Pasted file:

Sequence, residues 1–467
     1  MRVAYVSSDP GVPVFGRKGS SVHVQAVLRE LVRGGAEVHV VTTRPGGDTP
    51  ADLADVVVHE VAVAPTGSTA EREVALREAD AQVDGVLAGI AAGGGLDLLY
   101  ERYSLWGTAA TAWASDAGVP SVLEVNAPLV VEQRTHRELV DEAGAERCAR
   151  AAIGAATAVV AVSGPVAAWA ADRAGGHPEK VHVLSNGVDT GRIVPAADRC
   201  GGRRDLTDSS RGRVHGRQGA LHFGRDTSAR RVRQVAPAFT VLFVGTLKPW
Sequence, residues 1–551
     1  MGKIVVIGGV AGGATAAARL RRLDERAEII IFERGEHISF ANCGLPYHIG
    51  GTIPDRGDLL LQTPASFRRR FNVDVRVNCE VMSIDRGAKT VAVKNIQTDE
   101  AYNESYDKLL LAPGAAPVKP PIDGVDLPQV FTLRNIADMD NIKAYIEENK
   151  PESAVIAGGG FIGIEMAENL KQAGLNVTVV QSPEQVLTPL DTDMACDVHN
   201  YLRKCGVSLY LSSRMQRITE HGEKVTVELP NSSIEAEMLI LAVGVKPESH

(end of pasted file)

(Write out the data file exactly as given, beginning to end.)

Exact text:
Sequence, residues 1–467
     1  MRVAYVSSDP GVPVFGRKGS SVHVQAVLRE LVRGGAEVHV VTTRPGGDTP
    51  ADLADVVVHE VAVAPTGSTA EREVALREAD AQVDGVLAGI AAGGGLDLLY
   101  ERYSLWGTAA TAWASDAGVP SVLEVNAPLV VEQRTHRELV DEAGAERCAR
   151  AAIGAATAVV AVSGPVAAWA ADRAGGHPEK VHVLSNGVDT GRIVPAADRC
   201  GGRRDLTDSS RGRVHGRQGA LHFGRDTSAR RVRQVAPAFT VLFVGTLKPW
Sequence, residues 1–551
     1  MGKIVVIGGV AGGATAAARL RRLDERAEII IFERGEHISF ANCGLPYHIG
    51  GTIPDRGDLL LQTPASFRRR FNVDVRVNCE VMSIDRGAKT VAVKNIQTDE
   101  AYNESYDKLL LAPGAAPVKP PIDGVDLPQV FTLRNIADMD NIKAYIEENK
   151  PESAVIAGGG FIGIEMAENL KQAGLNVTVV QSPEQVLTPL DTDMACDVHN
   201  YLRKCGVSLY LSSRMQRITE HGEKVTVELP NSSIEAEMLI LAVGVKPESH